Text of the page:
Updated from 4:05 p.m. EDT
Stocks recorded small losses Wednesday, as positive earnings from
were overshadowed by disappointing reports from
, among others.
Dow Jones Industrial Average
ended down 34 points, or 0.4%, at 9094, and the
fell 5 points, or 0.3%, to 1748. The
shed 6 points, or 0.6%, to 994. Stocks ended off their worst levels for the day.
Intel's earnings were OK, they're not enough to carry the whole market," said Art Hogan, chief market analyst at Jefferies. "We've priced in perfection for this earnings season, so even if you get perfection,
people will sell on the news."
Hogan said investors are worried about the guidance that companies will provide over the next couple of weeks. "The economy may turn around in the second half, but it's still
not apparent yet," he said.
In the Treasury market, the 10-year note rose after tumbling earlier. The yield, which moves in the opposite direction to price, fell to 3.92%. Bonds declined sharply on Tuesday after
Chief Alan Greenspan said the central bank was unlikely to buy Treasuries to stave off inflation, something bond investors had thought was possible.
Greenspan's comments Wednesday had less impact on the market because his testimony before the U.S. Senate was identical to the speech he gave to the House on Tuesday. Still, in the ensuing question-and-answer period, he did say that ballooning budget deficits must be dealt with in order to maintain a healthy level of growth. If deficits aren't reduced by 2012, Greenspan hinted there could be potentially serious repercussions.
Helping to offset some of the damage in the broader market Wednesday was a 5% rise in shares of Intel. The chip giant doubled its profit in the second quarter, beating Wall Street's expectations. It also issued guidance in line with estimates and predicted higher profit margins in 2003. Shares were up $1.24, or 5%, at $25.31.
Telecom-equipment giant Lucent was a big drag, however, after saying late Tuesday that it wouldn't meet profit projections for the current fiscal year in light of weakness in the wireless market. Lucent also expects losses to be wider than analysts' targets in the third quarter and said it wouldn't reach profitability until sometime in fiscal 2004. Shares were down 24 cents, or 12.5%, at $1.68.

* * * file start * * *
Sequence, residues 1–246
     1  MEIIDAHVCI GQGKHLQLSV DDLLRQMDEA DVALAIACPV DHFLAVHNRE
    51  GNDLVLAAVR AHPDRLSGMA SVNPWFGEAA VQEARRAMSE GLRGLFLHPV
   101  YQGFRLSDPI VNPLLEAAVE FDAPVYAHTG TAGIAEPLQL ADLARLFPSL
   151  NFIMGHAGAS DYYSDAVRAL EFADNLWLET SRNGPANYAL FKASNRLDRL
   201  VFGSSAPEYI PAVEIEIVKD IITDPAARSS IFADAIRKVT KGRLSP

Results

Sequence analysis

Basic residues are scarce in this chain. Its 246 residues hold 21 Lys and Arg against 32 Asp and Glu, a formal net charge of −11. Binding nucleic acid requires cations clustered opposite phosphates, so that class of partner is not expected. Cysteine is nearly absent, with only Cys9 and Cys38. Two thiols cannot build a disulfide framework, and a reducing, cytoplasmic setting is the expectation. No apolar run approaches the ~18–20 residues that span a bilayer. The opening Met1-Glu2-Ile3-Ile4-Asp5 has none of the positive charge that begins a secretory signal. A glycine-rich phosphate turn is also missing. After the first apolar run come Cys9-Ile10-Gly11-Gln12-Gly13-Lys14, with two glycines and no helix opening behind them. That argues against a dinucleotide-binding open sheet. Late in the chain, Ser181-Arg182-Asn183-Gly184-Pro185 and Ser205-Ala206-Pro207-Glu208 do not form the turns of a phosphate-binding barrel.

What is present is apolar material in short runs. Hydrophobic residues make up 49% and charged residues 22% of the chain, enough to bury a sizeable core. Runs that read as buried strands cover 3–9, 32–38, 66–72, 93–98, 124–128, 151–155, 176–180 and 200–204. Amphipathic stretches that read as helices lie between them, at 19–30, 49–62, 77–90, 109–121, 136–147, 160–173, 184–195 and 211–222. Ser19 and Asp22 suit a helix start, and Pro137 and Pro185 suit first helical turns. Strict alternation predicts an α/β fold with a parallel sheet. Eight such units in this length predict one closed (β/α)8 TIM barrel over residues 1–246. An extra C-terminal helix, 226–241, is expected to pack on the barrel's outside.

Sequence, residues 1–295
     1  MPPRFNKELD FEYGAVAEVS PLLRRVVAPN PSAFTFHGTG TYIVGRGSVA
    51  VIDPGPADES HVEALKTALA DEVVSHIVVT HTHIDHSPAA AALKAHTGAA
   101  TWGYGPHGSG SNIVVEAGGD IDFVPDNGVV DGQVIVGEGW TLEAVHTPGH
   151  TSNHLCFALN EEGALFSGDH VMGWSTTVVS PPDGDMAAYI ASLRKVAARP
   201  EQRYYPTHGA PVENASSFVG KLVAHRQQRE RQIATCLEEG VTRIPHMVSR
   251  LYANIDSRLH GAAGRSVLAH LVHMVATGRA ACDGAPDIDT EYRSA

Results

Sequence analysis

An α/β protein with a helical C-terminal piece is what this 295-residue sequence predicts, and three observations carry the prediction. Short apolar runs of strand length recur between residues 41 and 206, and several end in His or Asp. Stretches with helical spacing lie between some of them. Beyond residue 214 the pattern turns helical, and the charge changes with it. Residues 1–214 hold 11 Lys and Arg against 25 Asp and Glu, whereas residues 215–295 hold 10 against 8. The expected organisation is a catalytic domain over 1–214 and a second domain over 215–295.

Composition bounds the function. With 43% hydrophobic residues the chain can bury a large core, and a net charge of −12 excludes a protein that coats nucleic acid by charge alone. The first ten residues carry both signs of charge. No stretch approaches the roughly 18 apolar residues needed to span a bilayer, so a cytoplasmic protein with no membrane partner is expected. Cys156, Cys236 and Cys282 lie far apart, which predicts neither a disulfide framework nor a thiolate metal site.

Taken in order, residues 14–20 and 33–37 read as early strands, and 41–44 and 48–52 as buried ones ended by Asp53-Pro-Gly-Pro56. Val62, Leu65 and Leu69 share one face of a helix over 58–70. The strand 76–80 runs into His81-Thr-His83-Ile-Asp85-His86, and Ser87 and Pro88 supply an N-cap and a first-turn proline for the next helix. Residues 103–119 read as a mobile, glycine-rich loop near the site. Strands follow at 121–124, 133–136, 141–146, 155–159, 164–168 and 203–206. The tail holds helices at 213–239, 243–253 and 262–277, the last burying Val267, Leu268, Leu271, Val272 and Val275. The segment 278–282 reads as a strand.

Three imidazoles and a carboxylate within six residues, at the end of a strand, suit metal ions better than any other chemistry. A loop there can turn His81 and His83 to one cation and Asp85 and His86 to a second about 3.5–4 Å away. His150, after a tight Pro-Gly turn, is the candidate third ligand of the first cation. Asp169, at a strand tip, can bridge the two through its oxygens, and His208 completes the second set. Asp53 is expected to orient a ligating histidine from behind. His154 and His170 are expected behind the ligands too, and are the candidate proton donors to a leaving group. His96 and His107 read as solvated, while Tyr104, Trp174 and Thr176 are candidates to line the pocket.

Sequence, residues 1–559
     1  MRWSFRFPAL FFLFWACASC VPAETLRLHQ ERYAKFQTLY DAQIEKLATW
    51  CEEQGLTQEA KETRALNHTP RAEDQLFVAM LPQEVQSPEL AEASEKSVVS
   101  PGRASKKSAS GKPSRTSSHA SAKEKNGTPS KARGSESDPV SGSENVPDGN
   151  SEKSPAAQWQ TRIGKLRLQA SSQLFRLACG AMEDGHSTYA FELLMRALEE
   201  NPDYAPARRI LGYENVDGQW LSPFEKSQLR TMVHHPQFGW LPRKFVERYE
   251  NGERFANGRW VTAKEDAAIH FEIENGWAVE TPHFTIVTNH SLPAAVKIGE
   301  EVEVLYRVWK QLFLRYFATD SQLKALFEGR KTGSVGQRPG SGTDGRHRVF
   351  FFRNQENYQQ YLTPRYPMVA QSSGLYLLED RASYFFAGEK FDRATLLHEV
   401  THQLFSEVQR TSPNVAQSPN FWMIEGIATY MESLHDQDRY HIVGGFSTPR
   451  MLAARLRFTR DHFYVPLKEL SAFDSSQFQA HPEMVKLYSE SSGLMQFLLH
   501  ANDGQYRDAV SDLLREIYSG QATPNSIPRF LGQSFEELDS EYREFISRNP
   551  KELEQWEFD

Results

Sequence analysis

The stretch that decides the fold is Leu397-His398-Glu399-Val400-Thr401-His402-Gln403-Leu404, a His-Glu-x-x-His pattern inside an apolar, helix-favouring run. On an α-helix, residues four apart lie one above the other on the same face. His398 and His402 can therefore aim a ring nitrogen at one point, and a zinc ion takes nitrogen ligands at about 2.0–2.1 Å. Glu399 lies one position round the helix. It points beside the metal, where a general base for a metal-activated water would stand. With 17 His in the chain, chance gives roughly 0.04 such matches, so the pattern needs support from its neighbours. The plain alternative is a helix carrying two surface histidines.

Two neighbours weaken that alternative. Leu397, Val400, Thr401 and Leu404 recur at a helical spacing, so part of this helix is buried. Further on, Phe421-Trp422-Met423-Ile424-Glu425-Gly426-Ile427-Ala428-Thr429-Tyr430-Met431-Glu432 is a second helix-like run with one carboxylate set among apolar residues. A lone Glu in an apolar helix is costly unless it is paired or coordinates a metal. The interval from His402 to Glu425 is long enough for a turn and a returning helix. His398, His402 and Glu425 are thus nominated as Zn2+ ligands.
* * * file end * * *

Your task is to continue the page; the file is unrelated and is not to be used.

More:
In other earnings, Motorola posted a second-quarter profit that beat analysts' estimates, but on weaker sales. The company also lowered third-quarter expectations. US Bancorp Piper Jaffray and RBC Capital Markets both downgraded the company. Shares were off 45 cents, or 4.6%, at $9.33.
posted a 27% drop in second-quarter earnings and said it sold 7.4% fewer vehicles in the quarter. Shares were down 65 cents, or 5.6%, at $10.99.
weighed on the blue-chip index after its chief executive, Sandy Weill, said he would step down by year's end and turn the office over to Charles O. Prince. Shares were down $1.31, or 3%, at $45.52.
was up after the retailer said it will sell its credit card operation to Citigroup for about $3 billion in cash. Sears was up $3.22, or 9%, at $38.20.
In other earnings news,
J.P. Morgan Chase
said second-quarter earnings rose 78%, beating analysts' estimates. Nonetheless, the stock was down $1.04, or 2.8%, at $36.25.
The U.S. House Financial Services capital markets subcommittee postponed a hearing on mortgage finance companies
, citing a lack of cooperation from the two firms. Fannie Mae was down 6 cents, or 0.1%, at $69.00, and Freddie was down 28 cents, or 0.5%, at $53.30.
On the research front, Thomas Weisel downgraded
, citing competitive treats to the company's brands including Lipitor and Viagra. But the firm upgraded shares of
Johnson & Johnson
, saying the firm's risk profile had improved. Banc of America lowered its rating on JNJ, however.
SG Cowen raised its third-quarter profit estimate on
, reflecting strong U.S. sales trends.
Among economic data, the consumer price index rose 0.2% in June, in line with estimates. The core CPI, which excludes food and energy, stayed unchanged, while economists expected a 0.1% rise after the figure climbed 0.3% the previous month. Business inventories for May fell 0.2%, following a flat June. Meanwhile, industrial production rose 0.1% last month, and the capacity utilization rate held steady at 74.3%. Both numbers were in line with analysts' estimates.
Overseas markets were mixed, with London's FTSE 100 down 0.6% at 4077 and Germany's Xetra DAX up 0.09% at 3387. In Asia, Japan's Nikkei fell 0.2% to 9735, while Hong Kong's Hang Seng rose 0.7% to 10,207.
Crude oil for future delivery was lower in New York. The dollar was higher vs. the yen and lower against the euro.
On Tuesday, the Dow ended down 48 points, or 0.5%, at 9128, while the Nasdaq Composite fell 1 point, or 0.1%, to 1753. The S&P 500 shed 3 points, or 0.3%, to 1000.